Dung, dung, dung, dung...

Trip Start Jul 04, 2010
Trip End Aug 03, 2010

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Flag of South Africa  ,
Sunday, August 1, 2010

Safari day 4
Spring boks
Bush boks
Giraffes and we got to see a young briefly nursing (when they walk both left legs move at once then same with the right) Giraffes seem like a mistake from god. It seems as if their bodies work against them. Their legs act like compression socks. If they bend, they have to straighten up after like 20 seconds and shake their heads to get the blood back. They sleep standing up because if they sit down the blood will not flow to their brain.

Yesterday, i shared the tidbit about the white hyena dung. I asked Rifos more about it today. He said that the dung doesn't come out white, it turns white after a little bit. He went on to say that often, hyenas eat the bones of a carcass which leads to the white stool.

Now as much as I want to save this next nugget of knowledge for my slideshow wine and cheese presentation when I get back, I must share this. Apparently, elephant dung has many uses. Our guide, while picking it up and breaking it apart, told us that people roll it in papers and smoke it to clear their sinuses. Similarly, it can be made into a tea for the same purpose; it can also be burned to keep away mosquitoes, though that may have been rhino dung. How amazing is that?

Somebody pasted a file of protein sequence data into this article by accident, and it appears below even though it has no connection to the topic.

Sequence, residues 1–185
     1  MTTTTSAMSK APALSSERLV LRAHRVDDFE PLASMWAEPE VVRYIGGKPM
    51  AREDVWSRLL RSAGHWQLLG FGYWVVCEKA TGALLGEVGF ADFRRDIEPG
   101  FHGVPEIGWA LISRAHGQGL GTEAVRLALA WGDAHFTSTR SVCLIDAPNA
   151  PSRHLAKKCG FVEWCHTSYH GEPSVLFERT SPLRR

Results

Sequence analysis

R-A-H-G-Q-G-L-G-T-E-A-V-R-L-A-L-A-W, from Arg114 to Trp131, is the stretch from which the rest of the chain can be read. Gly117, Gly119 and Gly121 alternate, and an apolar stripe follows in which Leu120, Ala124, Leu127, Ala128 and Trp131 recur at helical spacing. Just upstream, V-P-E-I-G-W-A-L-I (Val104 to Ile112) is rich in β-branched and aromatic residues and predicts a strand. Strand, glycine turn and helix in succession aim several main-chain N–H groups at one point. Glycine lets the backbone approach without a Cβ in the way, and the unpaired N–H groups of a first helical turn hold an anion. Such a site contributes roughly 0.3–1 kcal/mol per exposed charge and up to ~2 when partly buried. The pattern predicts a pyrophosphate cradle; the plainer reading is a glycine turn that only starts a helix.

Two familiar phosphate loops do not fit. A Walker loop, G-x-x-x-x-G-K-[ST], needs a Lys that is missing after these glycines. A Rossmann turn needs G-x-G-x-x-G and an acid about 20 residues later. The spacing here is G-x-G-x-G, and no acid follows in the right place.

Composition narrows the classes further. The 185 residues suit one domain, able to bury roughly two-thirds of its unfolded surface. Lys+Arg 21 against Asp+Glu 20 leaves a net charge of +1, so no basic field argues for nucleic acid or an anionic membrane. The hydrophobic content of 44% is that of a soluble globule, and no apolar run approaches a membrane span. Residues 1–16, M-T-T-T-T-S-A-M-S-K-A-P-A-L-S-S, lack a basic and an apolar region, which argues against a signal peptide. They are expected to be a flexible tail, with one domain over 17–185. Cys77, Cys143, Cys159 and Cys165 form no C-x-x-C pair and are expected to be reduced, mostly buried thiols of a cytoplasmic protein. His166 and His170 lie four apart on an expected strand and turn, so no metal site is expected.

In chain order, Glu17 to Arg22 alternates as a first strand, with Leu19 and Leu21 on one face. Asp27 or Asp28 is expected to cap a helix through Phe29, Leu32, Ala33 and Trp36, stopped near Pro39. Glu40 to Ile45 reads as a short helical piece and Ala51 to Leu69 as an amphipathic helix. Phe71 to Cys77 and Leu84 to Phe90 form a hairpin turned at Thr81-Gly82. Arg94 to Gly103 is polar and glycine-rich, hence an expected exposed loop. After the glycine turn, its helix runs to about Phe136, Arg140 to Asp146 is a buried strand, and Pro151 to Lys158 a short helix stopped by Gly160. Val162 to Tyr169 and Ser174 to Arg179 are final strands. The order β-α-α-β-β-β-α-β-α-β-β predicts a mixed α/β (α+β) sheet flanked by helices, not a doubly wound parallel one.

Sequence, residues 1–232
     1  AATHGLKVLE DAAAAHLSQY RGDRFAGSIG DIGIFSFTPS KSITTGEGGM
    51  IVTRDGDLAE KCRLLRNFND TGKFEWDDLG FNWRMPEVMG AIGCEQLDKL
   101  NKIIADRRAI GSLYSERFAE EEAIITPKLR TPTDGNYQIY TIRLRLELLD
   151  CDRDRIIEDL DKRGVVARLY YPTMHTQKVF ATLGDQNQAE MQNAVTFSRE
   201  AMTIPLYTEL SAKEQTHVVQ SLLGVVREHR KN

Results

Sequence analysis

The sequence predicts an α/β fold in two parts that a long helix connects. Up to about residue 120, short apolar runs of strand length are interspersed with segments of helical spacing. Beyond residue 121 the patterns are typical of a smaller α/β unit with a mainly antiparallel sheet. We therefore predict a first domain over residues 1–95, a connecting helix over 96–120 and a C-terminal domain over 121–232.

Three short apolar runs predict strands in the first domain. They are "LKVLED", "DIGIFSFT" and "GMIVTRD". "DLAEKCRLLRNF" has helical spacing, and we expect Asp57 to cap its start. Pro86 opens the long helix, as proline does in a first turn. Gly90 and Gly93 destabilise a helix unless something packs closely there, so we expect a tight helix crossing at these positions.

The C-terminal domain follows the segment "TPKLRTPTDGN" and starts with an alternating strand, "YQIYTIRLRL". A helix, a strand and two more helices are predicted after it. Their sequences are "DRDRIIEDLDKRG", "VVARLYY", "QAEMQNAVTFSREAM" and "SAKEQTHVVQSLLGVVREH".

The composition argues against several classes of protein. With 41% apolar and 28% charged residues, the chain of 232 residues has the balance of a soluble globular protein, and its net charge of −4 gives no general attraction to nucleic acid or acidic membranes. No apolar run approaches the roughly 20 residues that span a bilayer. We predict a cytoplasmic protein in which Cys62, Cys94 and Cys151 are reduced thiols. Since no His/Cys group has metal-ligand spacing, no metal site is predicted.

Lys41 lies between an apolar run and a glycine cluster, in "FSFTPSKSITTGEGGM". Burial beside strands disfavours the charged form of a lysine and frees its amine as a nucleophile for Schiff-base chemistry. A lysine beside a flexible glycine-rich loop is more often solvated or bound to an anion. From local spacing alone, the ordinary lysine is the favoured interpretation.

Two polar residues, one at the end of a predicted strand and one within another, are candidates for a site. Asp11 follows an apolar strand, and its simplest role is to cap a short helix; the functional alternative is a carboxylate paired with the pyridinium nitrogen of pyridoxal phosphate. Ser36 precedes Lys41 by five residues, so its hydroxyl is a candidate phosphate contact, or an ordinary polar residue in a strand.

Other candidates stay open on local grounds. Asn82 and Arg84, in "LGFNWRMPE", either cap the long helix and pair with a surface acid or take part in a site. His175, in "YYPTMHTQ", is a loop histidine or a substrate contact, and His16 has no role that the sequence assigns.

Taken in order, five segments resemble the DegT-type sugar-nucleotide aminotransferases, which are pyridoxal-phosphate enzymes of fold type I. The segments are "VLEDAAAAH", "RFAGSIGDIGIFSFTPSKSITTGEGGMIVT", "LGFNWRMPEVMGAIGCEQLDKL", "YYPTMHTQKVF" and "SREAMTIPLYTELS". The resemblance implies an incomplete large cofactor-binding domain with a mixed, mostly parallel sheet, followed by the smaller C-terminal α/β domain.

In my next life I plan to start a company called Barnaby's Excrement Tours of Africa. I don't know who Barnaby is, it just sounds good and sounds like someone who would wear a lot of safari garb. The plan is that the tours will track animals by their feces and teach the customers, all poo enthusiasts of course, the myriad uses of doody. It will be immensely fascinating and there is an endless supply of material.

Rifos told us about the Buffalo branch that their culture uses to catch the spirits. He said that people go to the place of a death and wave the thorny branch around to catch the spirits. Some of the thorns point to the past and some point to the future. When they bury a person they also put the branches on the grave.

It was a beautiful day today and after breakfast I sat out on my back porch for some time and I actually changed into a bathing suit bottom. I read book #9 and then settled in for an early afternoon nap. After lunch I read some more and then we departed on our 2nd safari at 3:30.

We drove around for a long time without seeing anything good. Finally we saw about 10 elephants and one of the young elephants trumpeted at us several times! It skipped around as if it wanted to play with us and then tooted the cutest trumpet noise a couple of times. I'm thrilled that I finally got to hear some animal make a noise! It was VERY exciting. After that we saw a huge rhino but it was pretty far away and we couldn't get any closer because it was on private property. During our rest stop on the road I went to the bathroom in the grass. I had to walk farther than I would have like to find a suitable place where the grass wasn't too tall but I could still hide behind a tree. As I was hiding back there I thought of all of the things that could be lurking in the tall grass, crawling on my tush, or flying into my hair. When I stood up I caught my bun in some thorns on the tree and had to rip my hair out. I was also attacked by some burs on my socks that were impossible to pick out and stuck in my skin when i tried in vain to extract them. Wretched things. I hastily walked back to the car without taking the time to do up my pants and belt in private. I really cant believe they let us go out on our own. Thankfully, I told my British friends to keep an eye out for me and for the rhino we had seen nearby.